La Roque Gageac.
The département takes its name from the river - but it is the wonderful mix of caves, chateaux, medieval towns and villages, rich regional cuisine and countryside that has led to it having such a powerful fan club. The borders of the former province of Périgord are shadowed almost exactly by the present département.
English tourists holidaying in the Dordogne have become almost a cliché (especially among the French) and there are even local cricket clubs, but don't be put off. Good advance planning and a willingness to get off the beaten track means it's possible to avoid the bottlenecks.
Bergerac has always been an important centre and port. The old town has plenty of narrow streets to explore, most with restaurants catering for the huge tourist influx. The Maison du Vin lists all the local chateaux open to the public and has details on the four main types: Pécharment, Rosette, the white and red Cotes de Bergerac and the white Montravel. There is also an increasing number of newer winemakers who produce faux Médoc mimicking their neighbours in Bordeaux. There is also a tobacco museum reflecting the area's other main crop.
Nearby is the 15-17th century Chateau de Lanquais worked on by masons from the Louvre and Monbazillac where the Huguenots worshipped.
East of Bergerac the D660 follows the river.
Stop at Trémolat on a meander with its
12th century fortified church. A little further
is the charming village of Limeuil. Beynac
on the top of a cliff is remarkable and the 12-15th century Castelnaud with its medieval war museum is worth a look as is Marquayssac facing it.
On the D703 you should not miss La Roque Gageac and the
white Chateau de la Malartrie before heading for Domme. This
late 14th century bastide sits on the hillside. A 'must' is the 13th century bastide of Montpazier - the best preserved in the area. Built by the English, the town still has its medieval market square and surrounding arcades.
North is the town of Sarlat-La-Canéda. Sarlat heaves during high season, particularly on Saturdays when the best market in the region takes over Place de la Liberté to compete with the luxury shops. Once a month there is also a fair.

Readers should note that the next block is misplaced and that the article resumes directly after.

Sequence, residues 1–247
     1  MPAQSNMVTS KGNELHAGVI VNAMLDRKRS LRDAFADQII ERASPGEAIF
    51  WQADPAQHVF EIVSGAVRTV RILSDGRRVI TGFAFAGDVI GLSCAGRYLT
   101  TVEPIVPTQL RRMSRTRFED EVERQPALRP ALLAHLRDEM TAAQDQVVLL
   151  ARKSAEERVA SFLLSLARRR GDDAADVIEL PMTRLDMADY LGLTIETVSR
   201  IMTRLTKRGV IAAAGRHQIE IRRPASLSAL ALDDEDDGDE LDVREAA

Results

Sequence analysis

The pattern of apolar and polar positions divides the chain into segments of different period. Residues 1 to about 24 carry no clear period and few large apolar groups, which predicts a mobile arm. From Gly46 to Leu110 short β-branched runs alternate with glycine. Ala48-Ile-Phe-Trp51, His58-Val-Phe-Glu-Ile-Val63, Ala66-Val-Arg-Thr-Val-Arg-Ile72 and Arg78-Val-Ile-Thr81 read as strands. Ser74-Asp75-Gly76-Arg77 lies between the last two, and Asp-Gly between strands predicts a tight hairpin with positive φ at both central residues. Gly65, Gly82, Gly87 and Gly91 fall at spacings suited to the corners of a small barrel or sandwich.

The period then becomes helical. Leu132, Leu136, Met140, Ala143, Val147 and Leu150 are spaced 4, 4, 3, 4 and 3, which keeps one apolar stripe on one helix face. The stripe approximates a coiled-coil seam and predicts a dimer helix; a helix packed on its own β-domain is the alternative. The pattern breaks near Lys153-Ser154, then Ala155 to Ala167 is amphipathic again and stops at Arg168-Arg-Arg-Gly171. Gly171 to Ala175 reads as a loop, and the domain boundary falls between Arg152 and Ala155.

Market produce is dominated by foodstuffs particularly foie gras, walnuts and
pork, cooked and prepared in every conceivable way. It´s a town to try and save
for out of season where four centuries of architectural styles - rich in ornamental
detail and colour - mix together and complement each other perfectly. It has
remained almost intact since the 17th century and is not surprisingly classed as a national monument.
If you are squeezed for time make for the Hotel Plamon with five arcades leading to a covered market, the Rue de la Salamandre - where the salamander emblem of King Francois I dots many of the town´s buildings - and the former Bishop´s Palace. The town is a favourite for film directors.
Top cave for paintings is the replica of
Lascaux, Lascaux II at Montignac - the
original cave is closed. Don´t bypass it in the mistaken belief that because it´s a replica it will be awful, it isn´t. Ten years in the making and claimed to be within a millimetre of the original, the paintings of bulls, bears, horses and deer are breathtaking.
Périgueux's cathedral St Front is Venetian in style with five cupolas and the nearby square Place de la Clautre has a market on Wednesdays and Saturdays. Its Roman amphitheatre could apparently seat 20,000 but was demolished in the third century to construct the ramparts. It is a major market centre and the best place to buy anything from the area. The Musée du Périgord charts the local prehistory.
Brantome, on the banks of the Dronne, almost deserves its nickname of the Venice of Périgord. Its pride and joy is the 8th century Benedictine abbey and Carolingian belfry - the oldest in France.Back to La Chabroulie Main Page Email,Click here 07974 371 255